First book to READ in the Preparation Library (or What do I read BEFORE I need it?) : LUSENET : TimeBomb 2000 (Y2000) Preparation Forum : One Thread

This is catalogged under "Books recommended" (like "DUH")

I realize it's getting fairly late for this but:

The FIRST book you need to READ (not necessarily the first one you need to BUY) is Carla Emery's "Encyclopedia of Country Living". It is about 30 bucks but is worth about 3 years in agony. My bride and I have been reading our new copy for about 4 days, now, and have NOT picked it up without learning or RE-learning SOMETHING! We BOTH are fairly countrified, having grown up in small towns, with her being a true farm girl. STILL, it is very good reading, and neither of us has found anything we have a problem with. (My bride keeps saying, "Yup, that's right" as she is reading, LOL)

Chuck the night driver, who hails froma town where the cows out number the people, in Central NY.

-- Chuck, a night driver (, July 13, 1999


Read the Red Cross First Aid Manual.

-- Libby Alexander (, July 13, 1999.

Another vote for Carla. The "bible" for preparations. A MUST have book. We've more than saved the cost of the book from the home made soap recipes. If you anticipate gardens, animals, or rural living in your future you cannot afford not to have Carla.

The second MUST have is Nuclear War Survival Skills by Cresson Kearny. See another extant thread about grinders for an excerpt. I recommend this not because of the Nuc aspects but the general "how to live off very little" aspects.


-- Got Reading Glasses?

-- Greybear (, July 13, 1999.

Yes, I love Carla's book - I am lucky to have a treasured gift from an elderly friend - an early edition with multicolored pages, many typos, etc! I have read it several times (probably) though in bits and pieces.

Folks, when I think about how far my family has come with preps and striving for a simpler lifestyle (ie: goats, chickens, composting, etc.) and the peace of mind (not to mention family closeness) that comes with it I smile. I have always leaned towards the "homesteader" mindset. I read somewhere recently (I think it was a Michael Reynolds "Earthship" book) a recommendation that we live in an area directly impacted by our living activities (my paraphrasing - lousy memory for direct quotes) - this makes us act more responsibly. For example, we stopped garbage service for the summer (I realize this is not practical for some), composting everything possible, burning in barrel the combustibles not easily composted and finally recycling aluminum and plastic and reducing the actual disposables (junk plastic packages and cans because there is no place I have found which accepts steel cans yet) to maybe 1 30 gal. can per month. Before this they were hauling away a huge toter full each week.

This kind of living really makes you aware of the impacts of our actions. Food is not wasted here (unless you count that which contributes to my carrying around 20 extra pounds as fat!). We eat less meat because we try to get by mostly on home- raised chickens - When you have to raise and butcher your food, you tend to eat less and the activities surrounding the production tend to keep us in better shape as well. Of course if I wanted to be more efficient I would go vegan but my hubby won't go that far....sigh...

Sorry to ramble.......too much coffee!

-- Kristi (, July 13, 1999.

I also have Carla's book. Its the best!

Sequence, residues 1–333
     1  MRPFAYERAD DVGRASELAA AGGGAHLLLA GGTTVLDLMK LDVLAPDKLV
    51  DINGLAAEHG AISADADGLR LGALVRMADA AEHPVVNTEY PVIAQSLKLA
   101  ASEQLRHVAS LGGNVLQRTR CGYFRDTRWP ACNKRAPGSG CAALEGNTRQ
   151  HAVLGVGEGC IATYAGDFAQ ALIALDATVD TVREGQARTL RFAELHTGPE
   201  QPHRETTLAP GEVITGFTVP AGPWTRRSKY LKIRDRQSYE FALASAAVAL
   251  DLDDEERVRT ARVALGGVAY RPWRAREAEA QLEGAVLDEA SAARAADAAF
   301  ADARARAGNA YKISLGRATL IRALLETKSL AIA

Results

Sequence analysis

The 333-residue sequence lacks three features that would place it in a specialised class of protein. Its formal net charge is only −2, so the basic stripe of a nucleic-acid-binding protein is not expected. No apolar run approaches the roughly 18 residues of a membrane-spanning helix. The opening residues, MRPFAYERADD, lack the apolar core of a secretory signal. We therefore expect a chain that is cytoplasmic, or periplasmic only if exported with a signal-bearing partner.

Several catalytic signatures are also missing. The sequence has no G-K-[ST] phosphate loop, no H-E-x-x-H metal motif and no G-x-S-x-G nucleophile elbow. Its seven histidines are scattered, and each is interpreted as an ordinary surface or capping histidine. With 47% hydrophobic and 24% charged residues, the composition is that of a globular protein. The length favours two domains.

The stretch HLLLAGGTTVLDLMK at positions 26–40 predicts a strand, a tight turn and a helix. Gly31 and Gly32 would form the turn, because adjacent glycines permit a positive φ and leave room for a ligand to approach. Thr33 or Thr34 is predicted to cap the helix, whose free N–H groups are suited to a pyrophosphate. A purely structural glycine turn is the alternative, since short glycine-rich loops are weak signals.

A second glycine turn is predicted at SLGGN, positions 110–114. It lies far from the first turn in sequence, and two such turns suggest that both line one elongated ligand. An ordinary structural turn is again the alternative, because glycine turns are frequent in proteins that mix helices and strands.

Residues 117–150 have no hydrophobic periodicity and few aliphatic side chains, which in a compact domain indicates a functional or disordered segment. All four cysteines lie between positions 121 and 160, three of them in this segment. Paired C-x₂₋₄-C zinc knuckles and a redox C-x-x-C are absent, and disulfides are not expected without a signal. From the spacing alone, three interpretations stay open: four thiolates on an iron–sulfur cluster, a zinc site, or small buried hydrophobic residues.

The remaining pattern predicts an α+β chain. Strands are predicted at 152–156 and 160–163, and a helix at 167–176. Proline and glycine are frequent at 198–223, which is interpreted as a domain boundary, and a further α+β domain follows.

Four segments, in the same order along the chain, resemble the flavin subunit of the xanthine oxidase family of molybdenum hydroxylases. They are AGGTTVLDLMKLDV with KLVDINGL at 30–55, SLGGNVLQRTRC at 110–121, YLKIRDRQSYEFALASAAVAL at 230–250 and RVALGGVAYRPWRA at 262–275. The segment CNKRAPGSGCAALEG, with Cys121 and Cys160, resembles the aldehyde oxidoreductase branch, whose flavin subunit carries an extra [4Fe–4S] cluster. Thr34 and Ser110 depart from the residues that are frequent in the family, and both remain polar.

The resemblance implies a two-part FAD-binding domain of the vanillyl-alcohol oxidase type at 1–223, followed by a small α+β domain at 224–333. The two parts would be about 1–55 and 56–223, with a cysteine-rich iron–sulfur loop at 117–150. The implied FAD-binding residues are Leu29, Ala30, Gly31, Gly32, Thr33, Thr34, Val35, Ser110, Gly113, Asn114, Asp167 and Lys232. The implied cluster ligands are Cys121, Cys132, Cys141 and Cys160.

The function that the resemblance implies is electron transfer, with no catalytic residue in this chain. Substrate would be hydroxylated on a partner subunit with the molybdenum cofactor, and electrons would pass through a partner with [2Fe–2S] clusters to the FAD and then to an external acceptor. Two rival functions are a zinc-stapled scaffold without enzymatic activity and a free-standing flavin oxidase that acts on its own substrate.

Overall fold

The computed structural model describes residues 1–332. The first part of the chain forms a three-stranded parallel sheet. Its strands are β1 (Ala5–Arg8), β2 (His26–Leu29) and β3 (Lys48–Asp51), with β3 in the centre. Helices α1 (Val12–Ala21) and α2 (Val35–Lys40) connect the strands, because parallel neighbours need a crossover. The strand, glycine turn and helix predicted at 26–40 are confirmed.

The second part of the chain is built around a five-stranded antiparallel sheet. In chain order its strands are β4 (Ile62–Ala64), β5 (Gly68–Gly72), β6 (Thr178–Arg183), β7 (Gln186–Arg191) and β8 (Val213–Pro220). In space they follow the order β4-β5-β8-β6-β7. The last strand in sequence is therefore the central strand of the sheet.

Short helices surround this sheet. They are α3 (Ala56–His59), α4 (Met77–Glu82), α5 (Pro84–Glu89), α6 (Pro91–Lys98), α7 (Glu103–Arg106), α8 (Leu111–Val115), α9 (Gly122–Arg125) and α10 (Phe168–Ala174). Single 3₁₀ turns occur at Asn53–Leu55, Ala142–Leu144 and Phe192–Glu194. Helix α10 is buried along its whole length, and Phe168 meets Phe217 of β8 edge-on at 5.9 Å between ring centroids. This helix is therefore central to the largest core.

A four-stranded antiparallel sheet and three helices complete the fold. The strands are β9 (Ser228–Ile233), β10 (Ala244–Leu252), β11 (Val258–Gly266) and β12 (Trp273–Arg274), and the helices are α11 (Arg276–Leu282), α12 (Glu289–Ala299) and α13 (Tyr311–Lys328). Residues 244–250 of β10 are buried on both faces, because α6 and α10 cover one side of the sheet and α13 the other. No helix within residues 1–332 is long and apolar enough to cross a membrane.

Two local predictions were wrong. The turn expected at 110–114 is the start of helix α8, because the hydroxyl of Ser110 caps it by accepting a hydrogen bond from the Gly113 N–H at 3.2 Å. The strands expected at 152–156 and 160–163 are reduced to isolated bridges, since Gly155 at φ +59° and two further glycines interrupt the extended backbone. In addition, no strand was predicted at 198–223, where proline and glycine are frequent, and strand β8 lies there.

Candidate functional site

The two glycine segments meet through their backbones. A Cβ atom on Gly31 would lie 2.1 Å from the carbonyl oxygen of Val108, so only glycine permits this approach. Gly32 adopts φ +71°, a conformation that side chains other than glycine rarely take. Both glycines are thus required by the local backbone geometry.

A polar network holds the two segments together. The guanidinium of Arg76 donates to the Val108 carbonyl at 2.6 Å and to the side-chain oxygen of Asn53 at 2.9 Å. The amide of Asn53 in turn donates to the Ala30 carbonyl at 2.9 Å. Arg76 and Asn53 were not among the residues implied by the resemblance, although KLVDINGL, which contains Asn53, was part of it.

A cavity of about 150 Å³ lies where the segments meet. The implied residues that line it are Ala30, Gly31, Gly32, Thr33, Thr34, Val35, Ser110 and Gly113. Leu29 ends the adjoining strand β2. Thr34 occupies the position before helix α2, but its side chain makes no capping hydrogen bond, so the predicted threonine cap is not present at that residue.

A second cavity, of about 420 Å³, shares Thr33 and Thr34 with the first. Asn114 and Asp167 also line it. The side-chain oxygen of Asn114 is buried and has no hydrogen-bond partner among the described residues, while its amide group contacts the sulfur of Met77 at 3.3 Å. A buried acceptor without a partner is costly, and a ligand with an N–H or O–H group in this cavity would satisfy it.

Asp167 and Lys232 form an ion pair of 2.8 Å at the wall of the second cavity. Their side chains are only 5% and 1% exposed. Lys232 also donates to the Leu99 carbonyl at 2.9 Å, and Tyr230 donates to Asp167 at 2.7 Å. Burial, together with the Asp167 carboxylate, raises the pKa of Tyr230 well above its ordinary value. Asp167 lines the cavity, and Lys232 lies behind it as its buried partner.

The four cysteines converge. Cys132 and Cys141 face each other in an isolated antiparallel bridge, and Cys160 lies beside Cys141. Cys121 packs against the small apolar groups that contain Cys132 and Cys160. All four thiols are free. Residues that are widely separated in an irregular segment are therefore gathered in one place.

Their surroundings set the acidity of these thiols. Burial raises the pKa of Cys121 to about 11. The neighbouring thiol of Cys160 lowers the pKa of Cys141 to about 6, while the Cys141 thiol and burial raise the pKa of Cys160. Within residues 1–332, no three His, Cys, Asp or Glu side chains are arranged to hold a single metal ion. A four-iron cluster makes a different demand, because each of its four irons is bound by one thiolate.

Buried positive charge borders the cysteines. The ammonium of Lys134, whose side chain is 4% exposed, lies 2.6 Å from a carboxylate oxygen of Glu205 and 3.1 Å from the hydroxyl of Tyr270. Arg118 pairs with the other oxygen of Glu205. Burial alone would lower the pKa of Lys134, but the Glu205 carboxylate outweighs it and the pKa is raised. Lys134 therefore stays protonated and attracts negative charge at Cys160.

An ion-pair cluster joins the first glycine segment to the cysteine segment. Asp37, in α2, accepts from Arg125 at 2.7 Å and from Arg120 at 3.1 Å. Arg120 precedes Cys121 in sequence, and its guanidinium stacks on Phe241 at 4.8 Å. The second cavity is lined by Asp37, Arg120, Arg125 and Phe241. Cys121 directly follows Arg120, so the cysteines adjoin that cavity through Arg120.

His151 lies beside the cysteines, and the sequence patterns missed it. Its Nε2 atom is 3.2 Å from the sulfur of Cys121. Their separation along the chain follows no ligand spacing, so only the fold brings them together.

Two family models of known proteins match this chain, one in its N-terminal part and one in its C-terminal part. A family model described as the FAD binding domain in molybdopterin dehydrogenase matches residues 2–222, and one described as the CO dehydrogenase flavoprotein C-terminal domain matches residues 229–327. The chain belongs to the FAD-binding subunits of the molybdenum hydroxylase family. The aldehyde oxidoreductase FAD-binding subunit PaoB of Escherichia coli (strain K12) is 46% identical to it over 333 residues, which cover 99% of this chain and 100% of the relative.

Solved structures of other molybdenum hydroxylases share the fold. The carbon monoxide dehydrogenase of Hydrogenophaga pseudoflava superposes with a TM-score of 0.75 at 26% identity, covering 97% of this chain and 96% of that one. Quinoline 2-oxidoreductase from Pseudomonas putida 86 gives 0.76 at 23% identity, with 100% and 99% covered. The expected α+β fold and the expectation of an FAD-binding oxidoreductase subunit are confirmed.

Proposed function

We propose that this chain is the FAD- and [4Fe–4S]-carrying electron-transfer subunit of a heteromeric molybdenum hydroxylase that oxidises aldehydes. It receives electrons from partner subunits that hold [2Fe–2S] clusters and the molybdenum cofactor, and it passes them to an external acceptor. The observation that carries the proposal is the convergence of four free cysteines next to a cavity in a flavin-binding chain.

If you only buy one 'how to' book....this should be the one.

-- bulldog (, July 13, 1999.

Hey, Chuck!

I thought you were the one who recommended Carla last year when I bought it! Ain't it great? We are still discussing goats vs. cows here, but with Carla by my side I've kept 14 chickens and a few ducks alive for much longer than I thought I could. I also tapped our two maple trees this spring and got about a gallon of syrup (worth the trouble, believe me!). Not to mention the woodstove adventure.

I've just started a subscription to the Countryside Magazine and Small Stock Journal; excellent publication. Comes out every two months, and has tons of useful articles. Check out the site at

Carla's fans will like it, I think!

-- Arewyn (, July 13, 1999.

Here's another vote for Carla's book. Her website is:

-- walt (, July 13, 1999.

I've got a recent edition of Carla's book, as well as my mom's multi-colored mimeographed original & updated flyers from the seventies.

Many lessons instilled in my bones have come from old timers, from all corners. Now is the time to strike up conversations. We are the link between the past and the future, whether we like it or not.

On another level, what do you believe is the thing of value that you can transmit, from the past, to the future?

-- flora (***@__._), July 13, 1999.

Good question flora! I believe the answer is ethics and values. The study of twins done by the University of MN concluded that we are born with our personalities, but we are taught ethics. Guess that bit of common sense won't be translated to the public school's curriculum, since it is a politically incorrect concept.

-- Mumsie (, July 14, 1999.

Ninth - Edition
Carla Emery
An old Fashioned Recipe Book
The Encyclopedia of Country Living
Practical advice, invaluable information, and collected wisdom for folks and farmers in the country city and anywhere in between. Includes how to cultivate a garden, buy land, bake bread, raise farm animals, make sausage, can peaches, milk a goat, grow herbs, churn butter, build a chicken coop, catch a pig, cook on a wood stove, and much, much more.

-- rb (, July 14, 1999.

The URL for Countryside Magazine is:

-- Gypsy (, July 14, 1999.

Excuse, please! 8^0

Got ahead of myself pushing buttons!


-- Gypsy (, July 14, 1999.

Type once, read twice!

I can get this right!, July 14, 1999.


OK, so I can't get it right...


-- Gypsi (, July 14, 1999.

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